To kill the Export-Import Bank, all that House Republican leaders opposing it have to do is let the bank’s charter expire Tuesday — and they are leaving Friday for the Fourth of July recess without even holding a vote to reauthorize it.
The 81-year-old federal agency that helps companies sell their products abroad has been a prime target of conservatives, who want to reduce the size of government and eliminate what they call crony capitalism.
Shutting the bank’s tap, though, also would eliminate tens of thousands of jobs, say business executives, trade groups and the Obama administration.
“It’s going to be devastating for us,” said Don Nelson, chief executive of ProGauge Technologies Inc., a Bakersfield manufacturer of oil industry equipment. “Basically, we just won’t be able to export anymore.”
Optimism should be flowing through the ProGauge factory.
It’s preparing a bid for a multiyear project in the Middle East worth up to $30 million. Landing the job would help offset a slowdown at the 70-employee company, which already has laid off about a third of its workers because of falling oil prices, Nelson said.
But there’s a catch.
If ProGauge has the winning bid next month, it would be required to provide a guarantee that it would deliver the equipment when due or refund the down payment it would get. And the company can get a guarantee for such a project, Nelson said, only with the help of the Export-Import Bank.
“If the Ex-Im Bank isn’t here, we can’t fill the order,” he said.
Exports make up about 70% of ProGauge’s business. And if the company can’t export, it would have to lay off 30 more employees, Nelson said.
Conservatives have criticized the Export-Import Bank as Boeing’s Bank because the aerospace giant and other big firms are the largest recipients of its assistance, which includes loans to foreign buyers of U.S. goods and various guarantee programs for U.S. exporters.
The bank is funded through interest and fees on its aid. Last year, it provided $20.5 billion in assistance that financed $27.5 billion in exports. The bank said those sales supported 164,000 U.S. jobs.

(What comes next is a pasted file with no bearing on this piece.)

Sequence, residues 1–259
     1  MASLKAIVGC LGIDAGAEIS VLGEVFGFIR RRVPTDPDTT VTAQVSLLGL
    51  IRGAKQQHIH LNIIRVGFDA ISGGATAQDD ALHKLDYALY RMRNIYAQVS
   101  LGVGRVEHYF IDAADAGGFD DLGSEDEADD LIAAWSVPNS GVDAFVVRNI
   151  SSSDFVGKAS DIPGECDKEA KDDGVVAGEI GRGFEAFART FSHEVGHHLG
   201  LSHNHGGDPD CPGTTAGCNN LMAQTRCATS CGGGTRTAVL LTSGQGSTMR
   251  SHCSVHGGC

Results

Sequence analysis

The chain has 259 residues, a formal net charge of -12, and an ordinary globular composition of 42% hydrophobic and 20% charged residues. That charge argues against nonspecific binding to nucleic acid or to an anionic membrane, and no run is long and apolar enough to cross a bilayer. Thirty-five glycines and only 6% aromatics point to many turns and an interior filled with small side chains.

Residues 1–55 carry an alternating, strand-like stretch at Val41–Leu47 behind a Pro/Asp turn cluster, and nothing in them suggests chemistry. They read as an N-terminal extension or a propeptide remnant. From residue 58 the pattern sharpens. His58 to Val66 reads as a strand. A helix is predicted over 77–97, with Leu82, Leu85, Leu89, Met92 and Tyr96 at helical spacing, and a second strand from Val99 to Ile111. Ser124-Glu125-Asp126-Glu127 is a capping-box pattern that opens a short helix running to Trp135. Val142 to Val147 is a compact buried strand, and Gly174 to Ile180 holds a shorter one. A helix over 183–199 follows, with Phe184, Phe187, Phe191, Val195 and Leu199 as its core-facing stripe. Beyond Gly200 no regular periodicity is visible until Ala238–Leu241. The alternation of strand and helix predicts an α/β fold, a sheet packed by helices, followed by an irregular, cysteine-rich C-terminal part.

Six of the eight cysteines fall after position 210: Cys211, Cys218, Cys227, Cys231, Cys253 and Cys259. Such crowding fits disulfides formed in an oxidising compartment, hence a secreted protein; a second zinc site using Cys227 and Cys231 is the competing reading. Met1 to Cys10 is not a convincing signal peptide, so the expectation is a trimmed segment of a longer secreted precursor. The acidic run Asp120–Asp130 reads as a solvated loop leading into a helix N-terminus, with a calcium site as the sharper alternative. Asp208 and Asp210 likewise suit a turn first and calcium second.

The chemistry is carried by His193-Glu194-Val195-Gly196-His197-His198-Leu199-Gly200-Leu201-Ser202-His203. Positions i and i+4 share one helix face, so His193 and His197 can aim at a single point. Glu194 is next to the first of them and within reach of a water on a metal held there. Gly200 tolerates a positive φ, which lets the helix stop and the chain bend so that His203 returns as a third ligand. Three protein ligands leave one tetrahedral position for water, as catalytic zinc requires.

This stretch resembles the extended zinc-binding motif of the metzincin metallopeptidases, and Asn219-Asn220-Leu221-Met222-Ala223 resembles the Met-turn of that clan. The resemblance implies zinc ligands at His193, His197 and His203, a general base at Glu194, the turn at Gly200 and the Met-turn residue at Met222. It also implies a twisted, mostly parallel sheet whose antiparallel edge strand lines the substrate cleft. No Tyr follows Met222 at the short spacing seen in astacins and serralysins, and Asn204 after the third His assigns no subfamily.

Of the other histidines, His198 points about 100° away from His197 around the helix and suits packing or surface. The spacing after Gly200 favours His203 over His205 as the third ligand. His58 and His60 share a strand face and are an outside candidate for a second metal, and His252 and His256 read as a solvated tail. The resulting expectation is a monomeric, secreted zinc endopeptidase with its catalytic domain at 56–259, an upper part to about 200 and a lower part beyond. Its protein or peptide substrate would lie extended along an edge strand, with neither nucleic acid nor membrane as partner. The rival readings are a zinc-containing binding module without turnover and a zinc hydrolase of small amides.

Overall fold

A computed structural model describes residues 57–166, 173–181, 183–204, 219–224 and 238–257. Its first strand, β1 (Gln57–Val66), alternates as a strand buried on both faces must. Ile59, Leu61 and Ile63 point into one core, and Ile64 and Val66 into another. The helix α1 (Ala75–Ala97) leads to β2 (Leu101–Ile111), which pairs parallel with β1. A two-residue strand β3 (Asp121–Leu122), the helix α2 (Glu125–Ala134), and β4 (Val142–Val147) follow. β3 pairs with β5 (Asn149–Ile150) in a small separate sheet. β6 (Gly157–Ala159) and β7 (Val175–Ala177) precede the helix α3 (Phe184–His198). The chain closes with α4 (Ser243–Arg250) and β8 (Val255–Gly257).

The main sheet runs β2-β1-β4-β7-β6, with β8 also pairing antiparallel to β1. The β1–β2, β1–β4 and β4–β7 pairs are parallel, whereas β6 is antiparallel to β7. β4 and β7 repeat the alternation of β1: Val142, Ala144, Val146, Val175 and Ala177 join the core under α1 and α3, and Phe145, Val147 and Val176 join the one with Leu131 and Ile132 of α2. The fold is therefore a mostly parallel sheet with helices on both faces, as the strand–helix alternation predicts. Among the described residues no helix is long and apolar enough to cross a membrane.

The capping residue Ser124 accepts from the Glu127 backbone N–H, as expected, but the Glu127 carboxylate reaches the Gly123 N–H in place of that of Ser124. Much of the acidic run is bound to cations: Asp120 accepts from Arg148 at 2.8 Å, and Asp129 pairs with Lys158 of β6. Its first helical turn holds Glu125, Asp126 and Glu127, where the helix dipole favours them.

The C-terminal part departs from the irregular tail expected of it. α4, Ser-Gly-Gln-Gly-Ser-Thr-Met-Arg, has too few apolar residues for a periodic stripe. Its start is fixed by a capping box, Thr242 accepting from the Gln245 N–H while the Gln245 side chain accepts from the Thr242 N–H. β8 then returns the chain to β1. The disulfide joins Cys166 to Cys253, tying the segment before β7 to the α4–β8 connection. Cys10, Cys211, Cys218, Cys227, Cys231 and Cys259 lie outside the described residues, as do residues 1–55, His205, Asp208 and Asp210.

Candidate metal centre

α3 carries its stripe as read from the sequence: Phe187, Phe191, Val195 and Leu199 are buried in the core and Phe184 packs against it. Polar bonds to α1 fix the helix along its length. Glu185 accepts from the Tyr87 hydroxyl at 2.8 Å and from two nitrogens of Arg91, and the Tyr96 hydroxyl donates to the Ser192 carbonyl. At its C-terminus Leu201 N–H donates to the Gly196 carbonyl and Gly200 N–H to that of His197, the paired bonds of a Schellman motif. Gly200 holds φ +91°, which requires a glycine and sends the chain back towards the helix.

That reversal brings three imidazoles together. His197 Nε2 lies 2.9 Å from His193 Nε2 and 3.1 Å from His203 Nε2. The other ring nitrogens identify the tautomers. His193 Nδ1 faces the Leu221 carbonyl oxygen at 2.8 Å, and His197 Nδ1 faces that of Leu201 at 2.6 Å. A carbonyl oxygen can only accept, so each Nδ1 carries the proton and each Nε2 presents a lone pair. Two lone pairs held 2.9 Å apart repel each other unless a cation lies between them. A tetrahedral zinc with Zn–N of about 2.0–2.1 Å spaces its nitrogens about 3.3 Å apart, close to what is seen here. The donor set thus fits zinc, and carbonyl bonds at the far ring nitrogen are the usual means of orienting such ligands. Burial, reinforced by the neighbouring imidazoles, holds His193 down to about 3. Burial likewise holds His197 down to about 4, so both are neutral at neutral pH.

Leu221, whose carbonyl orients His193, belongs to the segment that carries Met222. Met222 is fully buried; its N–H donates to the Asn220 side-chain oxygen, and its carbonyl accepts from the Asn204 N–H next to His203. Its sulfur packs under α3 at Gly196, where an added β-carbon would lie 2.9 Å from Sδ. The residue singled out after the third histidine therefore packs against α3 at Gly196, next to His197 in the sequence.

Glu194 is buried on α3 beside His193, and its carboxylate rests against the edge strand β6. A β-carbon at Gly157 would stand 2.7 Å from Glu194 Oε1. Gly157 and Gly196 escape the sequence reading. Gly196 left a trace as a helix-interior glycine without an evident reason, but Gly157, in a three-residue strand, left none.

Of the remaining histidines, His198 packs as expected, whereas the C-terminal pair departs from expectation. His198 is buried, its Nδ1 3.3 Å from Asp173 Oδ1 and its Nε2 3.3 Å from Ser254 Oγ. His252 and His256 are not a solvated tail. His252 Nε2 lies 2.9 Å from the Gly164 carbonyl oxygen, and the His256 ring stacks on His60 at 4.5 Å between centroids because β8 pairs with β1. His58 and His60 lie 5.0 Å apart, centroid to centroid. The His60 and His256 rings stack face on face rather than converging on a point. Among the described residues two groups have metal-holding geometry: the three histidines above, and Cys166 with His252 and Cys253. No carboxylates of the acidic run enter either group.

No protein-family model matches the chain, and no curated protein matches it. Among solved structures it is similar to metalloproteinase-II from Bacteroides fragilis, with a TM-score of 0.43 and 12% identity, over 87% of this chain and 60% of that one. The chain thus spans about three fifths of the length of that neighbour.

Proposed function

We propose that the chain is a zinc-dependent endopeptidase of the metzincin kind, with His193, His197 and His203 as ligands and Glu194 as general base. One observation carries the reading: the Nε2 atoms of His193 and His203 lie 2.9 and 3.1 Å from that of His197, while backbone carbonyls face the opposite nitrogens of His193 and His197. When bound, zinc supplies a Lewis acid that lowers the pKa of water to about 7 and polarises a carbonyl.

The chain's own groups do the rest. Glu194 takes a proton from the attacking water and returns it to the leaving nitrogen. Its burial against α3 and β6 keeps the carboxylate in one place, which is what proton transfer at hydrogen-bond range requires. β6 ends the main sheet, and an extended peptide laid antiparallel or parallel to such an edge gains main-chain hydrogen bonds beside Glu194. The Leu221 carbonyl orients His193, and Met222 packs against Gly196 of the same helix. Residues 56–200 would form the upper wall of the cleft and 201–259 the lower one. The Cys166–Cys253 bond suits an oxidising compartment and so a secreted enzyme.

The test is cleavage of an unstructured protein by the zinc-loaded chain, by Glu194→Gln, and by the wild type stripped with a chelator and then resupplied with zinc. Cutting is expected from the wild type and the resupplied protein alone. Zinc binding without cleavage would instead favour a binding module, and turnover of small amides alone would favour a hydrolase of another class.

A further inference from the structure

But opponents said the job figures are inflated. And they noted that the $27.5 billion in exports is a minuscule portion of the nation’s $2.3 trillion in total exports, demonstrating that the bank can disappear without major damage.
“The overwhelming majority of businesses, especially small businesses, export without the Export-Import Bank,” said Dan Holler, a spokesman for Heritage Action for America, a conservative group that opposes the bank. “All these companies somehow are finding a way forward, so the idea we won’t be able to export after July 1 is just not true.”
Taxpayers are ultimately on the hook for any losses the bank can’t cover on its $112 billion in outstanding assistance — a number that the law allows to grow to $140 billion. That’s an unnecessary risk that is better borne by private lenders or the companies themselves, opponents said.
But the bank said it had a default rate of less than 0.2% as of Sept. 30 and has not had to seek a taxpayer bailout since the 1980s.
Bank supporters note that Boeing Co. funnels business to some 15,600 U.S. suppliers, a third of them in California. And although major corporations could survive without the bank’s assistance, many small exporters like ProGauge might not.
And there’s a broader issue of U.S. competitiveness.
At least 59 other nations — including China, Germany and France — have similar agencies assisting their exporters. Export-Import Bank President Fred Hochberg has said the U.S would be putting its exporters at a major disadvantage, allowing competitors such as Airbus in France to grab more business.
If the bank’s charter is not reauthorized, it would continue to provide assistance for deals it already has committed to fund. But it would no longer be able to provide new aid, meaning its portfolio would shrink over time until the bank finally shuts down. Loans have terms as long as 18 years, but the vast majority of insurance and guarantee assistance last only about a year.
Many companies — from Boeing to small manufacturers such as ProGauge — are scrambling to try to save the bank even as they search for alternative sources of funding in case they can’t.